Having defeated the “hizra-krontos” and restored the Goblins’ territory to them, the party returned uneventfully to the town of Goblin’s Tooth to be greeted by a grateful populace. Soon life had returned to normal. They relaxed for a few days at the Shady Oak Inn while their wounds healed.
Suddenly the evening stillness was broken by the sounding of the warning bell —- the tower sentries had sighted something! Shouted orders could be heard over the clatter of watchmen exiting the barracks, accompanied by the rumble of wagons being pulled to close off openings in the protective hedge. Moments later, Sir Derrick the Reeve burst into the Shady Oak Inn, carrying his sword and baldric in one hand and a hastily snatched up shield in the other. He paused, quickly regarding the group. “I know you have no obligation to assist us, but you have done good service for our village in the past. I ask that you come with me.” Without waiting for an answer, he turned and left.
The party followed Sir Derrick to the West Gate of the town where they spotted in the twilit distance a group of goblins approaching the village. As the creatures grew nearer, they could see that there were only about dozen. Nine goblins armed with spears were escorting three others: one standard-bearer displaying the colors of the Zrisk-Horak tribe, another bearing a length of white linen attached to a stick, and Thrask Three-Teeth. Although the goblins arrived under flag of truce, the reeve did not order the archers to stand down. Unruffled, Thrask greeted the reeve, the party and watchmen, and related the following in his broken common:
The goblins came in peace. Thrask personally undertook the risk of approaching the town out of obligation to the heroes who slew the beast that was preying upon his people. He had learned of a danger to Goblin’s Tooth, and wanted to repay the heroes’ service by warning them. A strange creature had taken control of the northern goblin tribe, the Morak-Hrazzt. It was said that the new chief was a massive goblin champion, as tall as a human male, and was bent upon the utter destruction of humanity. Thrask obtained this information from the dethroned chief of the tribe, who had fled to Thrask’s court. Thrask’s scouts had reported that the Morak-Hrazzt were mobilizing for war. He feared that a second Goblin War was eminent if the Giant was not stopped. After being decimated by the bear, Thrask’s tribe lacked the numbers to do more than mount a simple defense of their own lair; they could never attack the Giant directly, nor prevent him from attacking the humans’ village. He would never assume to tell the humans what to do, but suggested that they at least heighten their defenses, if not send a scouting party into Morak-Hrazzt lands to see the Giant and his activities for themselves. The goblin scouts also reported that the Morak Hrazzt war parties were massing along the south and east boundaries of their lands; if the humans were to investigate, it would be safest to journey along the river, then enter the range of hills on the north side.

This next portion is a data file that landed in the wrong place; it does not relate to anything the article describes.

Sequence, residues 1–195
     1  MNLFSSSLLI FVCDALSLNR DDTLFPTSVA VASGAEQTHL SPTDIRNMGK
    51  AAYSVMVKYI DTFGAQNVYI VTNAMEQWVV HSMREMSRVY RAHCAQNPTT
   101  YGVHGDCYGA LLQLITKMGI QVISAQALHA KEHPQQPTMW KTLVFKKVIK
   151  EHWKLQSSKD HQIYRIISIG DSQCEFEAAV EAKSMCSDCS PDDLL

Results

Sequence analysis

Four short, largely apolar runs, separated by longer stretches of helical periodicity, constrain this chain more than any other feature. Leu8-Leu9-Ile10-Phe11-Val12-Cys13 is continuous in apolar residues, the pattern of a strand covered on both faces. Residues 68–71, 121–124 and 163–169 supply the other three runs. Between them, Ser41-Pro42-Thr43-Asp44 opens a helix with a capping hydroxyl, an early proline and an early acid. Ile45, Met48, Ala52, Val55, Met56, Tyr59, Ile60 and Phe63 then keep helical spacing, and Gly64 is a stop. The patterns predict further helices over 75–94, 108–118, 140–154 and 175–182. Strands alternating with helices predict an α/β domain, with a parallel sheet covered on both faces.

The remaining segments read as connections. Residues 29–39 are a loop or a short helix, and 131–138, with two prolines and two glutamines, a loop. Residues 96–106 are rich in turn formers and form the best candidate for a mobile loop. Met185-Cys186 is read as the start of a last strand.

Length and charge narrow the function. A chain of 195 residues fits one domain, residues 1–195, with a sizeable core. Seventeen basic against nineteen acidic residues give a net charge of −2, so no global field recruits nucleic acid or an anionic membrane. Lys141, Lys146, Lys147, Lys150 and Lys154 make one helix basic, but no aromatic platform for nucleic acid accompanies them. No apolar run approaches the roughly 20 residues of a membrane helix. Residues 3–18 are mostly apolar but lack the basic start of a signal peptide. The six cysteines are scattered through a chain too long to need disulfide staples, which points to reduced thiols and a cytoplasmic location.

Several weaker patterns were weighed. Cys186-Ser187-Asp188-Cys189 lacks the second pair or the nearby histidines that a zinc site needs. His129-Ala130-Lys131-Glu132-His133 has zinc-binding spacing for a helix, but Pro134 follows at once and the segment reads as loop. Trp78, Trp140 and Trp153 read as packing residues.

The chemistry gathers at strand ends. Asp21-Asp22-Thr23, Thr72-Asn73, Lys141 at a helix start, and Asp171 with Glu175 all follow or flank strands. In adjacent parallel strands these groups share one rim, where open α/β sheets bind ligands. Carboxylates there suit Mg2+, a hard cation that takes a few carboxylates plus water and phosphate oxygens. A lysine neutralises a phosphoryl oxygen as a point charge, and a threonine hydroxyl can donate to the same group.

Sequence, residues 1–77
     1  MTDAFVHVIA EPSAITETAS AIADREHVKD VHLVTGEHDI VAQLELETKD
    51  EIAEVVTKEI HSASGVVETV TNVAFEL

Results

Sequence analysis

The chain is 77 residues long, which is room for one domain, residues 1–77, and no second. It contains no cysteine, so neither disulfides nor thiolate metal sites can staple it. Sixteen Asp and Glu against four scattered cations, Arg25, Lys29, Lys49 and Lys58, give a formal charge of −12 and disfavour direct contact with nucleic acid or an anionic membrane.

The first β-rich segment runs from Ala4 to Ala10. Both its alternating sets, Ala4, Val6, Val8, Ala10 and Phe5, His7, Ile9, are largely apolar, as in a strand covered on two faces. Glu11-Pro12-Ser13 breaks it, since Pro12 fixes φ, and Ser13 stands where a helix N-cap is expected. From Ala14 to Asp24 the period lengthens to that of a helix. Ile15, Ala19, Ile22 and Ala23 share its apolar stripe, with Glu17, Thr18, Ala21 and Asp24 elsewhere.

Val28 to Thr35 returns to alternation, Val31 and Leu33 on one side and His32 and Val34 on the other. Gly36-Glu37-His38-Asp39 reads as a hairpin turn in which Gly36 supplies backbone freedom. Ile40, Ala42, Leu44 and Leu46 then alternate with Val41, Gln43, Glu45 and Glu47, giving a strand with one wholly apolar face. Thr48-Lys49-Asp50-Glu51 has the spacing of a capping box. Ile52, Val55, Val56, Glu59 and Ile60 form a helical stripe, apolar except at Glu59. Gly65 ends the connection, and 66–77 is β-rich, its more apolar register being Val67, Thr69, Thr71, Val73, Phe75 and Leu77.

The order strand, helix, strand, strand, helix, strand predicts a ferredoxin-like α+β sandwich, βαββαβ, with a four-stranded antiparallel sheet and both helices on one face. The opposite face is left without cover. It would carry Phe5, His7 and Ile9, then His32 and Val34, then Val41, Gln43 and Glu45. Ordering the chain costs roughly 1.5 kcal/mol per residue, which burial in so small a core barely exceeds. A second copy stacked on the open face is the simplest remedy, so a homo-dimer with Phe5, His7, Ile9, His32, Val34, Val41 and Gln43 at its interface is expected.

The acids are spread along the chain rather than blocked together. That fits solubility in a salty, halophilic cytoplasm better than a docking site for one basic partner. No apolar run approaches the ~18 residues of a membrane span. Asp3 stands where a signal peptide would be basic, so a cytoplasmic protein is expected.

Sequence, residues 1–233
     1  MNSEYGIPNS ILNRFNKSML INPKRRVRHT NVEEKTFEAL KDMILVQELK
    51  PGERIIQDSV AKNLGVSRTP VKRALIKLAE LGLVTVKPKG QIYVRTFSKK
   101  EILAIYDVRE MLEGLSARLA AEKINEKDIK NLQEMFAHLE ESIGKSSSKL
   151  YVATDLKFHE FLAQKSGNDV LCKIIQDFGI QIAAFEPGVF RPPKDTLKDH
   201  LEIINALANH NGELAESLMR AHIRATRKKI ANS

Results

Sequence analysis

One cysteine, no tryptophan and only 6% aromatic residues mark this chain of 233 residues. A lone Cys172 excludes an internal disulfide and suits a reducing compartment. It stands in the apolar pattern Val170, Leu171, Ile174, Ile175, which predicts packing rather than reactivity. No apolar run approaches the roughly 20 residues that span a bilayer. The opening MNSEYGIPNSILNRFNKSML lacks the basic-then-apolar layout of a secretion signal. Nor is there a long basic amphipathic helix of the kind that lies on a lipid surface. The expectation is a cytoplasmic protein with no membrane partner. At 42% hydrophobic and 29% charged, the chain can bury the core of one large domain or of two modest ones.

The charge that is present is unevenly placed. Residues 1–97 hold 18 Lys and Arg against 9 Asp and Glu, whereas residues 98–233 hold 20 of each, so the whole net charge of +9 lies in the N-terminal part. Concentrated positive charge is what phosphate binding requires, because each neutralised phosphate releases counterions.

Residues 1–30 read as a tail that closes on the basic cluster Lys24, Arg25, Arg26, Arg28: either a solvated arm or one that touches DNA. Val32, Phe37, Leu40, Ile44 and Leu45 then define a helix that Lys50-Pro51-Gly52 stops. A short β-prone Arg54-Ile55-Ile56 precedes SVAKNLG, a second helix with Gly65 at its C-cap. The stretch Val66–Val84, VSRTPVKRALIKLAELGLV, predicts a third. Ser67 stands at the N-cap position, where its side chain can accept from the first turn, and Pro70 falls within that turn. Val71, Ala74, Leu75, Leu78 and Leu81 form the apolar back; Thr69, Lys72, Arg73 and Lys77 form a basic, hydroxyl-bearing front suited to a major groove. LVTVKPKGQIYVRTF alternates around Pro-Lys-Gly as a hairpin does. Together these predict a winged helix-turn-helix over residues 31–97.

Following this exchange, Sir Derrick ordered that the town be placed on alert. All off-duty watchmen were summoned, along with any militiamen who resided within the hedge. A dozen watch-posts were established around the perimeter of the hedge, and pairs of sentries rotated from post to post every half hour.
Throughout the village, every door was barred and every window shuttered. A tense silence again descended upon the village as the archers took their posts. After issuing the orders, the reeve turned to the heroes. “This will be another sleepless night,” he said, “but I ask that you take what rest you may. If it pleases you, I would speak with you about our plight on the morrow.”
The next day, watchmen with blood-shot eyes summoned the heroes to Sir Derrick’s office in the barracks. They found the reeve, fully armed and armored, seated behind a desk. The Reeve’s sword, obviously magical, was thrust point-down into the desktop, emitting a soft bluish glow across the documents scattered upon the desk.
Sir Derrick asked that the heroes investigate Thrask’s statements regarding the Morak-Hrazzt. While he could take comfort in knowing the old goblin’s tale was at least half lies, the probability of it being half true demanded immediate action. He proposed that the heroes enter the Wildwolfe Hills on a reconnaissance mission of sorts; they were to locate and destroy the giant goblin champion, if he did in fact exist. Most importantly, it was imperative that the heroes enter and leave the goblin territory quickly and undetected if possible, for if the northern tribe was preparing for war, the lives of any human “spies” could be cut short.
The party accepted the mission and Sir Derrick, as an expression of his gratitude, gave them three Potions of Healing and a Potion of Goblin Control. He also gave them a map of the surrounding area and showed them roughly where the Morak-Hrazzt Goblin tribe’s lair was:
They would have to travel southwest along the river, and then south into then Wildwolfe Hills. After breakfast, the party set off. As they traveled along the river, they encountered a farmer driving a team of exceptionally fine oxen. His name was Cedric and he was the proud father of two sons, both of whom serve as archers in the militia. Since his sons had responded to the call to arms, he had much more work to do. Fortunately, he had his team of new oxen to lighten the work load. Laughingly, Cedric told the heroes that the oxen once belonged to a fool: not the noble kind that entertains kings, but the common sort you find in every village. The fool, or “prospector,” as he called himself, drove a wagon right across his alfalfa field a few weeks ago, filled with all sorts of provisions, on his way into the Wildwolfe Hills. As if his destination wasn’t enough to mark his foolishness, the prospector was headed into the deadliest area for miles without so much as a dagger about him to defend himself!